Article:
More on revivalism and awakenings

More on revivalism and awakenings: A renewed interest in religion, called the Second Great Awakening (1790-1815) spread through every region of the United States. Hundreds of travelling preachers began to travel the country, setting up revivalist camps in rural areas. Thousands of new converts were made and those who attended meetings, mainly from poor white communities, were often so overcome with the experience that they would roll, jerk, shake, shout and even bark at the height of the services.

The movement also attracted many slaves and free black people to evangelical Protestantism. The Methodists emerged as leaders in the development of religious instruction among slaves. Following its creation in 1845, the Southern Baptist Convention also began missionary work among slaves. The Baptists may have been successful partly because baptism by immersion resembled some initiation rites associated with West African cults.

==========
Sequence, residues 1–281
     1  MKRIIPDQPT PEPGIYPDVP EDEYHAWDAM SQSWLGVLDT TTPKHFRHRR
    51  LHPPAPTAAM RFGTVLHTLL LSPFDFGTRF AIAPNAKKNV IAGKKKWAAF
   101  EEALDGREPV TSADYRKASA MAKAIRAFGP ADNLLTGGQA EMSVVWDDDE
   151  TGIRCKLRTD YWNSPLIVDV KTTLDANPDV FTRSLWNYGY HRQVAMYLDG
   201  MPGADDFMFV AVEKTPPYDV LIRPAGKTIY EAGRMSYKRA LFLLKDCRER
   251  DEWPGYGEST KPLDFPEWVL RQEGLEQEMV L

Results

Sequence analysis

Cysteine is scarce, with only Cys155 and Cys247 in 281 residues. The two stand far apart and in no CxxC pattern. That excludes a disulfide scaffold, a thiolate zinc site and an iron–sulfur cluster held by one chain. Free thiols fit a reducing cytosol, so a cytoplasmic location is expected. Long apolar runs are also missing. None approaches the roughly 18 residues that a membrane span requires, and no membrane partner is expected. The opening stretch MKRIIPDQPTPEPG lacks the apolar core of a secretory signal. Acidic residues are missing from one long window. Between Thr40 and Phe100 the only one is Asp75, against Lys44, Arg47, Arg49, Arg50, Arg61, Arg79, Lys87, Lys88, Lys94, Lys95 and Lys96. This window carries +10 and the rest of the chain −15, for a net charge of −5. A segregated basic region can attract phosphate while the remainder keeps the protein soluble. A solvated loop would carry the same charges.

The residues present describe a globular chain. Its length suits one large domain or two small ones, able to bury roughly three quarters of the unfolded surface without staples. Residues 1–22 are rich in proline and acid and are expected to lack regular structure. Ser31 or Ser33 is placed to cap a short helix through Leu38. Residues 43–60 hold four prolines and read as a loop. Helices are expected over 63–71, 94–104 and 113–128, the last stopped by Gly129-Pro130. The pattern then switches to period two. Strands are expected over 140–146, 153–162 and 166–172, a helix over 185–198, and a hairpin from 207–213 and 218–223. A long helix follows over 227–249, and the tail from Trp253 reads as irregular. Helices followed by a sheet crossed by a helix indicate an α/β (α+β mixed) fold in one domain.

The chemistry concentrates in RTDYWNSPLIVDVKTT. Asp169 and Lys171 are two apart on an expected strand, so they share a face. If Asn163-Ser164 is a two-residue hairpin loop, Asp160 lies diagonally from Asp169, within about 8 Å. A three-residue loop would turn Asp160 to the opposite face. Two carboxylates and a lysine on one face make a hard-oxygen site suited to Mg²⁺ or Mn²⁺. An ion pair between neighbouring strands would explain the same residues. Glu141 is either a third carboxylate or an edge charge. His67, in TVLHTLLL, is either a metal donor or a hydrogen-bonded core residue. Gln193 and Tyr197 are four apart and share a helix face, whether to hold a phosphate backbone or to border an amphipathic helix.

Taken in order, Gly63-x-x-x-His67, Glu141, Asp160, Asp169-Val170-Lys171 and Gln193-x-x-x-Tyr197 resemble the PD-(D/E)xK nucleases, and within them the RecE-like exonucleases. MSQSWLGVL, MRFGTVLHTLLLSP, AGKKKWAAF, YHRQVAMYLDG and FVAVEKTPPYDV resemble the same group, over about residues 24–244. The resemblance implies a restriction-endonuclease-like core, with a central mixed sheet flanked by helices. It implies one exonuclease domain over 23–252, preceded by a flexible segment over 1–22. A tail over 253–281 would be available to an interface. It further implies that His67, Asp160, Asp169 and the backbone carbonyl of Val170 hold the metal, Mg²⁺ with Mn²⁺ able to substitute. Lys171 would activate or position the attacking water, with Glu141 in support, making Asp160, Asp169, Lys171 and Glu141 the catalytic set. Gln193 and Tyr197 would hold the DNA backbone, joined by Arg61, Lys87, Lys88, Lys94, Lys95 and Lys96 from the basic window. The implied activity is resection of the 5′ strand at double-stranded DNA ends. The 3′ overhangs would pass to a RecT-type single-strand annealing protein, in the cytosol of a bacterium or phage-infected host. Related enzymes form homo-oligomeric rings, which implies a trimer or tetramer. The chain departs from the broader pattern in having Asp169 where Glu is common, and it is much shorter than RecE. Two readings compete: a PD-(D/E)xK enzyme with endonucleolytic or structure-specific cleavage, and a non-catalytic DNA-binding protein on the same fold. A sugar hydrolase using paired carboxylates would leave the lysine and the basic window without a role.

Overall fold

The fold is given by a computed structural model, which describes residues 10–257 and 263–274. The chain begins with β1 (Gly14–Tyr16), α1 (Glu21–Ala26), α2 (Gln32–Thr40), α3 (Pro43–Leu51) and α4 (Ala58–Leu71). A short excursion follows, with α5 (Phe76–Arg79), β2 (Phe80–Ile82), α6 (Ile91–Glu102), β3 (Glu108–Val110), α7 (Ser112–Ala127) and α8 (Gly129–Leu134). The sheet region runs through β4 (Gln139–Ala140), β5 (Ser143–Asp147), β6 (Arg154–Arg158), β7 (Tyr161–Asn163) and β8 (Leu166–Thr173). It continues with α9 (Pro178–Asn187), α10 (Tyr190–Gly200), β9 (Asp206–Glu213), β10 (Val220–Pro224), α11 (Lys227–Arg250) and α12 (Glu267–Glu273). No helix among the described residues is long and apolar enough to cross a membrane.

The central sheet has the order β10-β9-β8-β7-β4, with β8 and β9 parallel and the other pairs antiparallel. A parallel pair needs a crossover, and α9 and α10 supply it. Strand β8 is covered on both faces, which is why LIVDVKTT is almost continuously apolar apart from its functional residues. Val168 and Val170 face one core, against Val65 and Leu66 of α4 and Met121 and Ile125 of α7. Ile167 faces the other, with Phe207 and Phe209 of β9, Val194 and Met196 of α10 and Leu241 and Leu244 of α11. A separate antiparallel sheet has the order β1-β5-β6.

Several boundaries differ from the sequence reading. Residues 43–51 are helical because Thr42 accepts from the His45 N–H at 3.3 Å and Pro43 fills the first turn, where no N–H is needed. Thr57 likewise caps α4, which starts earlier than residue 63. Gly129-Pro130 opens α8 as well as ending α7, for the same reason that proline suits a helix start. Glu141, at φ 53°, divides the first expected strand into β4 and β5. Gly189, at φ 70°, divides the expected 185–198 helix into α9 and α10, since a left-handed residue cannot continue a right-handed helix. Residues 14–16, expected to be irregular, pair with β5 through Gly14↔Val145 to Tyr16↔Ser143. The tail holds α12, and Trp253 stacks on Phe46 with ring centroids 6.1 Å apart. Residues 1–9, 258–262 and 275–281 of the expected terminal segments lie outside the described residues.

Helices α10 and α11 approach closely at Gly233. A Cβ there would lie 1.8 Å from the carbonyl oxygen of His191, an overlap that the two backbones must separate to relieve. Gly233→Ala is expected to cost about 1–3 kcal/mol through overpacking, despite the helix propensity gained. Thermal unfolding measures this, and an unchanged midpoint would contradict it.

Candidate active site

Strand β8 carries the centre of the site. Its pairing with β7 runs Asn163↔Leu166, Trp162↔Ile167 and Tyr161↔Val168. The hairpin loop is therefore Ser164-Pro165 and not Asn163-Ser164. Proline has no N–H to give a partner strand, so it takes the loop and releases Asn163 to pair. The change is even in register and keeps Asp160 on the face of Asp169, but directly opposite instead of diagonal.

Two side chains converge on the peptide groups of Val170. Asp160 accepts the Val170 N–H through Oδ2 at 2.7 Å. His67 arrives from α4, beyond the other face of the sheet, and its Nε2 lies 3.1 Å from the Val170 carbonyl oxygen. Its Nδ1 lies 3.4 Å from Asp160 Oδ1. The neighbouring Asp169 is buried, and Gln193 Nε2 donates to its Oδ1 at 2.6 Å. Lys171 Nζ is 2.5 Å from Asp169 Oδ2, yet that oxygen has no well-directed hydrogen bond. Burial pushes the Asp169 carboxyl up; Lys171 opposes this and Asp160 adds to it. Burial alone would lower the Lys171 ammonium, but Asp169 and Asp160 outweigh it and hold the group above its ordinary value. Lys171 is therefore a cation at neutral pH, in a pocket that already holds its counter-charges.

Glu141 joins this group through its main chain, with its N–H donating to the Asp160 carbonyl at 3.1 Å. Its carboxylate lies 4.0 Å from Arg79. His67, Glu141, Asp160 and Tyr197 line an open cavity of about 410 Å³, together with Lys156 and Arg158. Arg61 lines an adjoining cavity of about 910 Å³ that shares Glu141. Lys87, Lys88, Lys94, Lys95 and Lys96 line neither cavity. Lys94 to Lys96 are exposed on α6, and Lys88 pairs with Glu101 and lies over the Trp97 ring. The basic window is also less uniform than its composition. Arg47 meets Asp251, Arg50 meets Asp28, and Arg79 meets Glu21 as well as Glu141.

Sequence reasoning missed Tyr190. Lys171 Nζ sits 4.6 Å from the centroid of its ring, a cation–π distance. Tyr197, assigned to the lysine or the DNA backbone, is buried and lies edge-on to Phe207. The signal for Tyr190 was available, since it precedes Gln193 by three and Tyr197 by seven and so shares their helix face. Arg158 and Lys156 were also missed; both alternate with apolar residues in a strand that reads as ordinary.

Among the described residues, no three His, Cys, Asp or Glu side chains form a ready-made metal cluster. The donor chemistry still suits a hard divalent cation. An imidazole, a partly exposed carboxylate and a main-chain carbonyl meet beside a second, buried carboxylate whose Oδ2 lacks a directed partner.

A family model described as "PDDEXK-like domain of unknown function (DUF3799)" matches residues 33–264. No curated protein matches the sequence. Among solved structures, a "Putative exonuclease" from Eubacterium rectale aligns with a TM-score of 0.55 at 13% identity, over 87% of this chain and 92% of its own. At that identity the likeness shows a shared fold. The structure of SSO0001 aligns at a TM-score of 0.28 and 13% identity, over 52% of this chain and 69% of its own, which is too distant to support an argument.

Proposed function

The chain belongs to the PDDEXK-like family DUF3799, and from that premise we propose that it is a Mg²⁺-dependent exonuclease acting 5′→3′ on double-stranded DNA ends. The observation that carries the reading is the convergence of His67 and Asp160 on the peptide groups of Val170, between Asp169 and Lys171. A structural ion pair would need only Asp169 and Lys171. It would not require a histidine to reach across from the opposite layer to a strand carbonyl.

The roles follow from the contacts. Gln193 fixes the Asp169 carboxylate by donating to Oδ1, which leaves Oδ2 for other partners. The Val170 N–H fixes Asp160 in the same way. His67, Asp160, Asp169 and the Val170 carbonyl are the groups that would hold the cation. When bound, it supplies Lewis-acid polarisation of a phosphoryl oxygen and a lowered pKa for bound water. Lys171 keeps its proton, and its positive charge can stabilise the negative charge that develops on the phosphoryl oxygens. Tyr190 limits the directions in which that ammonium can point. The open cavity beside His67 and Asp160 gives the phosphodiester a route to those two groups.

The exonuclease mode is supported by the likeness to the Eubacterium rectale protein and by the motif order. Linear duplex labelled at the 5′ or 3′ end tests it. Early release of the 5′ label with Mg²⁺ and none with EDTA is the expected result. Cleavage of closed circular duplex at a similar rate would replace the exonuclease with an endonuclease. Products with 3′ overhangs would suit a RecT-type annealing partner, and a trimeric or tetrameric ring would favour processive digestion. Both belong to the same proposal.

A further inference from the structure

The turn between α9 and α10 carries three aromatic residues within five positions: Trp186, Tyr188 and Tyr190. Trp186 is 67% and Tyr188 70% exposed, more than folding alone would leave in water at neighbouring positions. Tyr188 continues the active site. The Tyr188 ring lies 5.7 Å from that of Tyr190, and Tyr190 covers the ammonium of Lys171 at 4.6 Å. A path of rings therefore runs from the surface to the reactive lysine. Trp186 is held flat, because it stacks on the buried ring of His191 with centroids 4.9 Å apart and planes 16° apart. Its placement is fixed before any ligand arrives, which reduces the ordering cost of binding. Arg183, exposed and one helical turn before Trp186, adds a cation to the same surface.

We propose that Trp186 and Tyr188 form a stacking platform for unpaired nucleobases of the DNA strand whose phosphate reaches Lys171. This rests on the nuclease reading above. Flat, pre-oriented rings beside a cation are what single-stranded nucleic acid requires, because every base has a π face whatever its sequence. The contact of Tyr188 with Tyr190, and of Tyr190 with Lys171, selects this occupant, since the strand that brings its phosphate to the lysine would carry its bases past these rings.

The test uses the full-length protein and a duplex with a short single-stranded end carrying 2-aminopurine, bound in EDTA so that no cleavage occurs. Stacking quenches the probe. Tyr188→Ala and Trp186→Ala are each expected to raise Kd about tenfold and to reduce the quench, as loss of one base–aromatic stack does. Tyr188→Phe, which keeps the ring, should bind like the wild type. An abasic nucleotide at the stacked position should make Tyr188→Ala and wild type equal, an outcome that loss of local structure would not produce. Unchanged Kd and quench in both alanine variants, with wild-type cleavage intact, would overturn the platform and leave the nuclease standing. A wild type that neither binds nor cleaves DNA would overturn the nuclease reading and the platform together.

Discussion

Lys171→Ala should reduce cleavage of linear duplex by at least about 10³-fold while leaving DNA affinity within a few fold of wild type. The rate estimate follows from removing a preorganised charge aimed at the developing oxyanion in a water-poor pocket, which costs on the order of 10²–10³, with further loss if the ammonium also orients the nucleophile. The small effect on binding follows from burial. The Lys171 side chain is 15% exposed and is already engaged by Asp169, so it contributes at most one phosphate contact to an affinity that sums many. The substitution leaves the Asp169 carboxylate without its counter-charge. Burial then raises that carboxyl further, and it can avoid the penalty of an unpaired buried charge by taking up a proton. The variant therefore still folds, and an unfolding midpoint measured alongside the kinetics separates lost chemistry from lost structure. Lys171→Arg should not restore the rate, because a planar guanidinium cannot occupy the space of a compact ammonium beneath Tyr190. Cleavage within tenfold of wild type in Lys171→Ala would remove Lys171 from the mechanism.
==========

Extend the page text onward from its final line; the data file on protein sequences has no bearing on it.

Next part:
The slaves worshipped in a wide variety of congregations; with whites, with free blacks, exclusively by themselves, and in private. Slave masters often took house slaves to religious services at white churches, where they sat in separate galleries or in balconies. With white ministers presiding over these services for slaves, the latter often chose instead to hold meetings in their quarters, in ‘praise houses’ or ‘hush harbours’, or even deep in the woods or swamps.     
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